Juice Infused with Microscopic Particles Offers 'Unparalleled' View of Gut
Juice Infused with Microscopic Particles Offers 'Unparalleled' View of Gut i
|| 0:00:00
...    
🔇
X

The scientists created a drink called nanojuice. It is infused with microscopic nanoparticles which contain molecules of a dye that absorb light from the infrared spectrum.

“That’s the area of light that passes through your body the best," Lovell said. "If you have ever held up a flashlight to your hand or your ear, you can see the red light shining through. That type color of light can get through the body the best. So we made the nanojuice to absorb that color of light.” 

The researchers gave the nanojuice to laboratory mice, then scanned their abdomens with a harmless laser light, in an imaging process called photoacoustic tomography. What they saw was an unparalleled view of the organ.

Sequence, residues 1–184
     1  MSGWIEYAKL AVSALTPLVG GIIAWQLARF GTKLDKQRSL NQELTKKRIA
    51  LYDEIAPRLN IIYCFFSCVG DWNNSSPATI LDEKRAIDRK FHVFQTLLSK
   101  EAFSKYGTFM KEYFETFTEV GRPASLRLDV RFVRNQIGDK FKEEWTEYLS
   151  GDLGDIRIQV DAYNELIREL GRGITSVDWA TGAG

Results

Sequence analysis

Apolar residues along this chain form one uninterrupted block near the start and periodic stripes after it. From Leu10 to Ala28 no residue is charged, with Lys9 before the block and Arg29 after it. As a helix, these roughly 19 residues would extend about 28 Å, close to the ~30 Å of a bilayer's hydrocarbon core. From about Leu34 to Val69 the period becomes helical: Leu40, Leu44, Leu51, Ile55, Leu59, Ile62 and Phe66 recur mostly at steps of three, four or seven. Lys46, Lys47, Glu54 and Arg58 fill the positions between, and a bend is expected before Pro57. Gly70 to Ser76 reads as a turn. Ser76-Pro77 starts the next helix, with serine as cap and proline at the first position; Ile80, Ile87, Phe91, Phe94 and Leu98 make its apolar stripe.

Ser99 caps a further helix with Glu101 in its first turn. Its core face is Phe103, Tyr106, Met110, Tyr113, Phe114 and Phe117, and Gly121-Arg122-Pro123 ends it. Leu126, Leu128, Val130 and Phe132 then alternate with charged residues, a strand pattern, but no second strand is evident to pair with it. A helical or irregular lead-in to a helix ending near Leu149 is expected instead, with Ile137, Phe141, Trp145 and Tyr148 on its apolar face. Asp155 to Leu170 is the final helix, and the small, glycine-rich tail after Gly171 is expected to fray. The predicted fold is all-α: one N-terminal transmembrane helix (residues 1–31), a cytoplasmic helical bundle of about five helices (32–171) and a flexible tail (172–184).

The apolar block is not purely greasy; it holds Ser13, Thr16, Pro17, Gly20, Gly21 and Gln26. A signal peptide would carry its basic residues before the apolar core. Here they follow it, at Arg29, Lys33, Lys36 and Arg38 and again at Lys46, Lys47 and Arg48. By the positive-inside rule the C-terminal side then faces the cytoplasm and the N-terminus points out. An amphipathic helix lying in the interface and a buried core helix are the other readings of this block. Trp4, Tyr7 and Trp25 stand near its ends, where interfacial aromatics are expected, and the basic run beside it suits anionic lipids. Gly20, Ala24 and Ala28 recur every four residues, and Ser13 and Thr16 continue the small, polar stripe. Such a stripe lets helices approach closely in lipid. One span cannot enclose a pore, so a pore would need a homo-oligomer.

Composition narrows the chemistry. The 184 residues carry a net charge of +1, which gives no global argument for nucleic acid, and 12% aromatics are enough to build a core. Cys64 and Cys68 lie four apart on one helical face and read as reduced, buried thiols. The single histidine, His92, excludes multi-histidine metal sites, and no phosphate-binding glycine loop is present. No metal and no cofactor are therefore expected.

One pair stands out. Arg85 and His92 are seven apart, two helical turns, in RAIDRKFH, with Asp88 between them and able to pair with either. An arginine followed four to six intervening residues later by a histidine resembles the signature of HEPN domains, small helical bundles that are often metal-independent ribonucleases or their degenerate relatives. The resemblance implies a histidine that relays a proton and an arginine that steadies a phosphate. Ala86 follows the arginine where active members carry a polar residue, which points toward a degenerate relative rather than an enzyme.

The combination of nanojuice and photoacoustic tomography illuminates the intestine of a mouse. (Credit: Jonathan Lovell)The combination of nanojuice and photoacoustic tomography illuminates the intestine of a mouse. (Credit: Jonathan Lovell)

“You can actually see the intestine motor patterns," Lovell said. "You can pick out how the intestine is working in real time without any kind of invasive procedures.”

The nanojuice passed safely through the gut without being absorbed or degraded. Lovell hopes to move to human clinical trials in the near future, which he says could ultimately lead to a better understanding of how the intestine works.